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vegetative propagation

vegetative propagation, the ability of plants to reproduce without sexual reproduction, by producing new plants from existing vegetative structures. Some plants, such as the Canada thistle and most bamboos, send out long underground stems that produce new plants, often at considerable distances from the original plant. Such plants can form enormous colonies of new plants within a relatively few years. Many trees, such as the beech and aspen, send up root sprouts, and large colonies of new trees thus arise. In other trees, the lower branches may produce roots where they rest upon the ground, and new trees are produced. The leaves of some plants produce buds at their edges, which develop in turn into miniature plants that fall off and take root. Specialists in the fields of agriculture and horticulture take advantage of the regenerative ability of plants through such techniques as the rooting of cuttings; grafting and budding of fruit trees; layering, or inducing the tips of branches to produce new plants; the cutting apart of clusters of perennials, such as rhubarb, into individual plants; the cutting of plants (such as the common potato) into pieces that are then planted separately, each with a bud ( "eye" ); and numerous other techniques. The vegetative propagation of economically important and useful plants is now so widespread that most horticultural varieties are now only reproduced clonally, especially since many of them breed true from seed.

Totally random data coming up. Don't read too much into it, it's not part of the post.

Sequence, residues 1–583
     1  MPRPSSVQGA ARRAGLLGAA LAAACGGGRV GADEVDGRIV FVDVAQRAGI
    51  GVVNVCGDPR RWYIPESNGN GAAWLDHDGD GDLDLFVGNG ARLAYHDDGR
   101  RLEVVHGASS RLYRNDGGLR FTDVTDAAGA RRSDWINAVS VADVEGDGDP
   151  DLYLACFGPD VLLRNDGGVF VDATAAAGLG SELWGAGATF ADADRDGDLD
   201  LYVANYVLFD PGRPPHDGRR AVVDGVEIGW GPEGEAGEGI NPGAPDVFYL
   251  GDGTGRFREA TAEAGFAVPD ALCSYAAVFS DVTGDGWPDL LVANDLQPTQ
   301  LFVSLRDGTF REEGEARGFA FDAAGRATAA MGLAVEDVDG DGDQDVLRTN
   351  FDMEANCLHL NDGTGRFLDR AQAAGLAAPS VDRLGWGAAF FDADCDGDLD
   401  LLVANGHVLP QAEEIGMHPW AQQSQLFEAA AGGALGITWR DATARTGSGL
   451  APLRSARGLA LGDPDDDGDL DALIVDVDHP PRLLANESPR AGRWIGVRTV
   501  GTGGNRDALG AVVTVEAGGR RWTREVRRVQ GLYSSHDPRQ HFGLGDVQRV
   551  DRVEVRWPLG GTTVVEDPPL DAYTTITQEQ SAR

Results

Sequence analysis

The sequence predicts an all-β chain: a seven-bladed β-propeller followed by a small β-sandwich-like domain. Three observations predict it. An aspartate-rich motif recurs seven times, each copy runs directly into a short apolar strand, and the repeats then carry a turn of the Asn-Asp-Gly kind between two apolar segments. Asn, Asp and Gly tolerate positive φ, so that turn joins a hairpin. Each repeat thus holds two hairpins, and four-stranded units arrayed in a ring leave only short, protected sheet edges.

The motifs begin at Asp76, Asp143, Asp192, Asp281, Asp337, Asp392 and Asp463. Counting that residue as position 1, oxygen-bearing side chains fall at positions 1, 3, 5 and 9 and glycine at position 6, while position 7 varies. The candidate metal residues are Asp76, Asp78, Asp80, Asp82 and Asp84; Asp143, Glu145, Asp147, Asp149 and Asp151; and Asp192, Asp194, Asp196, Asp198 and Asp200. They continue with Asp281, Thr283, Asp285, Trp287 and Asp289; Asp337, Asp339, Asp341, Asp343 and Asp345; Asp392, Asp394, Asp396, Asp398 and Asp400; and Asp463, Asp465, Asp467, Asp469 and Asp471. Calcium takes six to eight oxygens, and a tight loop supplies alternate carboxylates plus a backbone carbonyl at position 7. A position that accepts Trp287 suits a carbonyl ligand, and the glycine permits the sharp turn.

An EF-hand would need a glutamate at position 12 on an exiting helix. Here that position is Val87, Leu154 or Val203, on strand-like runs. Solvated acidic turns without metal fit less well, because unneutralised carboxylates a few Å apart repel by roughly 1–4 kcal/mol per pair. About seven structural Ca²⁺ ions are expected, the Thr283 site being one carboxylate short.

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vegetative propagation

vegetative propagation (vegetative reproduction)
1. A form of asexual reproduction in plants whereby new individuals develop from specialized multicellular structures (e.g. tubers, bulbs) that become detached from the parent plant. Examples are the production of strawberry plants from runners and of gladioli from daughter corms. Artificial methods of vegetative propagation include grafting (see graft), budding, and making cuttings.

2. Asexual reproduction in animals, e.g. budding in Hydra.

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vegetative propagation

vegetative propagation(vegetative reproduction) A reproductive process that is asexual and so does not involve a recombination of genetic material (i.e. a form of apomixis). It involves unspecialized plant parts which may become reproductive structures (e.g. roots, stems, or leaves). Compared with sexual reproduction, it represents a saving of material and energy for the plant. It is especially common among grasses.

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"vegetative propagation." A Dictionary of Ecology. . Encyclopedia.com. 9 Dec. 2018 <https://www.encyclopedia.com>.

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vegetative propagation

vegetative propagation (vegetative reproduction) A reproductive process that is asexual and so does not involved a recombination of genetic material. It involves unspecialized plant parts which may become reproductive structures, e.g. roots, stems, or leaves. Compared with sexual reproduction, it represents a saving of material and energy for the plant. It is especially common among grasses.

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